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James Rawles Video Presentation: Survival Strategies for a Grid Down

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posted on Sep, 26 2013 @ 09:54 AM
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People are not used to living in a third world standard, from public health and sanitation perspectives, and between lack of food, and the elements we could see a loss of life up to 90% according to Rawles.

There are any number of things that could bring down all 3 grids and the number one question will be how long?

This threat is very real and becoming informed and knowing your options as well as staying current with reminders such as this video will imho help you to relax, do what you can to be prepared and then deal with whatever may come in a more self empowered way.

The real point here is to "Help Folks get better Prepared" as Rawles in this video presentation :

www.shtfplan.com...




posted on Sep, 26 2013 @ 10:06 AM
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Have to run real quick, but will try to make some footnotes of the video presentation for those interested yet do not have the ability to watch/listen to his video. I think it is a great synapses of what we have all been studying and learning as we progressed to this point in history where we are today and moving into the future which seems to be unfolding before our eyes.

Such great info.



posted on Sep, 26 2013 @ 10:52 AM
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Rawles usually has some relevant information to impart and this is no exception. He gives great information on gun calibers and ammunition. Bugging out has it's own host of problems but this centers on those bugging in who will try to ride out an emergency situation at home. From my studies the biggest problems people will encounter aside from security and protecting one's own from marauders or government hirelings.

In no order of importance they are:
Water - purification, collection, transport and conservation. Rainwater will be the most readily available source for most. Gutters must be diverted to rain barrels so you will need to have materials for that on hand before the SHTF. Walking to a water source such as a creek or pond increases one's odds of negative encounters. This would be true of any activity that one must leave home to acquire vital needs.

Food - What one doesn't have stocked must be found. Game will be scarce if not entirely depleted even down to squirrels and rabbits. Song birds, insects and rodents will be the most readily available sources of protein. Lawn weeds are often edible and medicinal and should be utilized. The idea of going out and shooting a deer is not going to be a viable option after the first few weeks of a disaster.

Sanitation/Health - Medicines one needs must be stockpiled if possible. This is often impossible for many types of medicine and the only option is veterinary medicines which should be a last resort. There are many medicinal plants and if one has certain issues then there may be a common plant available to help. Do your research on this.
Keeping your body wastes properly disposed is critical. Humanure composting should be everyone's concern and taught to neighbors to keep disease and contamination at a minimum.
Water is important to cleaning many things including clothing. It doesn't need be pure enough to drink but does use considerable amounts. Substitute cleaners can be made with vinegar being among the most useful. It can be stocked or made if one has the right materials on hand. Bleach is another chemical that should be stocked for water purification and cleaning.

Mental health - Staying inside a powerless home with few activities will be very distressing to most people. Keeping a positive attitude with all hell breaking loose or the tedium of doing nothing are equally important.

Of course there are many more facets worthy of discussion concerning survival but it would cover pages simply listing them all and making a short description of each.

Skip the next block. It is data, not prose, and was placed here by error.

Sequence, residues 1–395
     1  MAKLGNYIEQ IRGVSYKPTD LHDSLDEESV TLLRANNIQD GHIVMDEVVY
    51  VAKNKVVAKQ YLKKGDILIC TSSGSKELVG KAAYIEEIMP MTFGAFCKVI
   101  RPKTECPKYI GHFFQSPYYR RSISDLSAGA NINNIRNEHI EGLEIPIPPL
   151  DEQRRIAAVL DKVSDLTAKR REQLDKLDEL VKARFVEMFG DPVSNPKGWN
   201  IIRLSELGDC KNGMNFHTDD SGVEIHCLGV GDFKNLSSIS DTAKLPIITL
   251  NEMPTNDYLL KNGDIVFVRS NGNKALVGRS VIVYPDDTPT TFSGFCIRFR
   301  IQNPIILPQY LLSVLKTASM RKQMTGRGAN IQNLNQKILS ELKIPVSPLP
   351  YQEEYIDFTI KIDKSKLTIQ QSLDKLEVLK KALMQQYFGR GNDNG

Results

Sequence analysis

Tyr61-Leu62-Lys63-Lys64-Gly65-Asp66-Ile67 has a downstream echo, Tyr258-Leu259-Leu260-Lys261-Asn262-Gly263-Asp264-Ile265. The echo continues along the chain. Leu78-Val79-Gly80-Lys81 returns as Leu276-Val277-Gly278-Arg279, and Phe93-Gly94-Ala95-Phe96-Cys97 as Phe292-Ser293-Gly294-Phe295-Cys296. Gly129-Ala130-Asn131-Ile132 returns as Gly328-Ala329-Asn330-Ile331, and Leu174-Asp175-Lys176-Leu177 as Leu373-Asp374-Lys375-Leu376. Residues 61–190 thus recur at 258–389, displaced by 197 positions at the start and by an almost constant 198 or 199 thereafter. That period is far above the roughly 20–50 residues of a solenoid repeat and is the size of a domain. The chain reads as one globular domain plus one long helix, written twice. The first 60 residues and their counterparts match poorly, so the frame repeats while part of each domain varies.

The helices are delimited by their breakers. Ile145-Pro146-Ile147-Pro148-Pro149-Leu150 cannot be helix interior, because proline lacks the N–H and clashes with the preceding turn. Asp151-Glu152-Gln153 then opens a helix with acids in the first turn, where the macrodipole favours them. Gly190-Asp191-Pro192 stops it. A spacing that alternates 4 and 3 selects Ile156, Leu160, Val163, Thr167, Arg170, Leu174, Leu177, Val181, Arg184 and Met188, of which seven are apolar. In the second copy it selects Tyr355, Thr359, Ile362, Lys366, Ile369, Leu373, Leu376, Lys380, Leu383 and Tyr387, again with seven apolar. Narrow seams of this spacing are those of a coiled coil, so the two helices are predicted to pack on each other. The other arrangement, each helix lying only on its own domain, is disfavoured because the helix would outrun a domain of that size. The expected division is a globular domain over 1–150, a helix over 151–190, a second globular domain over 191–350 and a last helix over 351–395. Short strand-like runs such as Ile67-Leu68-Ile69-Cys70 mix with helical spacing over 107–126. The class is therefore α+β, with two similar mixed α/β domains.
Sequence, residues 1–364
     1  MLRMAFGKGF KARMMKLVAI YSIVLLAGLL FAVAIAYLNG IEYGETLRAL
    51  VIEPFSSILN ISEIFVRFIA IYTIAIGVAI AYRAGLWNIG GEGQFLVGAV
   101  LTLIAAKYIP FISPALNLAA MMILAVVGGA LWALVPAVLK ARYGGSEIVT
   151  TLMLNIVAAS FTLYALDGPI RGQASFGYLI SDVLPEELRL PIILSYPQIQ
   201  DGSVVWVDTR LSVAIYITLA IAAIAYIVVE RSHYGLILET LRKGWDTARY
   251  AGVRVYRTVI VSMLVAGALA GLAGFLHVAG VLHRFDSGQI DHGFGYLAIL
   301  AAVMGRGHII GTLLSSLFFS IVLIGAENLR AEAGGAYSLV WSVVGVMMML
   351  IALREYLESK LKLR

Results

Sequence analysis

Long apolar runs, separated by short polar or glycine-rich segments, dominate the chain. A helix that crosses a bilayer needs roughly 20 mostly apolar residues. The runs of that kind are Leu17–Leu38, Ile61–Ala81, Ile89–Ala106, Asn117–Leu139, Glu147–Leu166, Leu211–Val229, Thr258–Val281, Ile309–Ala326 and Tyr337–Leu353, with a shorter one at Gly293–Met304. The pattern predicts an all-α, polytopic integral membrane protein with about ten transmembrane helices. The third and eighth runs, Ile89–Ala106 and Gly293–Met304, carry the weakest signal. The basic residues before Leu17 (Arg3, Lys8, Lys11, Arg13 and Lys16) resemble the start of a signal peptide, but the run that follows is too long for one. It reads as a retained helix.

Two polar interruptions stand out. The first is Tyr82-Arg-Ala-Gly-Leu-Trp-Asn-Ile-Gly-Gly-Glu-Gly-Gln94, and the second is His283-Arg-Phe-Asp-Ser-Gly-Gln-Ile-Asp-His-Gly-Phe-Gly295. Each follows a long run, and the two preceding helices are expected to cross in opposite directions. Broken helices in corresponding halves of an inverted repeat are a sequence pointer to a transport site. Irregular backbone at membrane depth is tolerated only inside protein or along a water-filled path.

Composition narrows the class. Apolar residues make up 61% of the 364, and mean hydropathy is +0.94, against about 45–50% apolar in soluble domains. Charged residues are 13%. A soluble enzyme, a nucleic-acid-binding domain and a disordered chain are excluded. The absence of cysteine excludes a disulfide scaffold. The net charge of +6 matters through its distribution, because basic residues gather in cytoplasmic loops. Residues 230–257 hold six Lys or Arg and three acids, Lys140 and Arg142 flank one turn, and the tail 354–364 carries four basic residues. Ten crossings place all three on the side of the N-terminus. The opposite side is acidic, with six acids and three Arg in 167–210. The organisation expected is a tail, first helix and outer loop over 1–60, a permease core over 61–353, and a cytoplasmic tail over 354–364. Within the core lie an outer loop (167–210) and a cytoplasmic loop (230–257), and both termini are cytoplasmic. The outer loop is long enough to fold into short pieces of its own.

Rawles is knowledgeable and worth a listen.



posted on Sep, 26 2013 @ 11:30 AM
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antar
People are not used to living in a third world standard, from public health and sanitation perspectives, and between lack of food, and the elements we could see a loss of life up to 90% according to Rawles.

There are any number of things that could bring down all 3 grids and the number one question will be how long?

This threat is very real and becoming informed and knowing your options as well as staying current with reminders such as this video will imho help you to relax, do what you can to be prepared and then deal with whatever may come in a more self empowered way.

The real point here is to "Help Folks get better Prepared" as Rawles in this video presentation :

www.shtfplan.com...



You make the "3rd world" sounds like a bad thing. Just like the 1st world has its "bad" parts, so does the 3rd world. However, the "3rd world" parts outside of influence from the "1st world" (namely the West) is quite nice.. Pic related =)




posted on Sep, 26 2013 @ 12:04 PM
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reply to post by Philippines
 


I agree for part of the year I live in a dreaded third world country... If the grid goes down I want to be at the farm overseas and will do everything I can to get there. Actually if and when my USA home sales I am moving to the farm and will return to visit on occasion but.... I am out of here if my plans work out. If I can't get out then I will hunker down in place.. My neighbors are great people and my local law enforcement are helpful so organizing a neighborhood defense would not be a problem around here. Let us all hope that none of this stuff goes down...at least I do. Water we have, ammo we have, food will always be a problem if the grid goes down for a prolonged period... uck!

edit on 26-9-2013 by 727Sky because: ...



posted on Sep, 26 2013 @ 01:18 PM
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reply to post by Philippines
 


Please dont take the OP wrong. I know that 3rd world countries have something to teach many Americans who now face the loss of creature comforts and expected norms.

It would be great to hear more about what you have to share on this subject. I lived in a home that was built about 1,200 years ago when I was younger, the walls and floors were still the same as the day they were put in and cleaner than one could imagine. We did have electricity but not like most modern homes and even though we had a stove I chose to cook in the Kiva stove most of the time.

I have also lived in the outbacks of the Arizona deserts and had an oasis imo.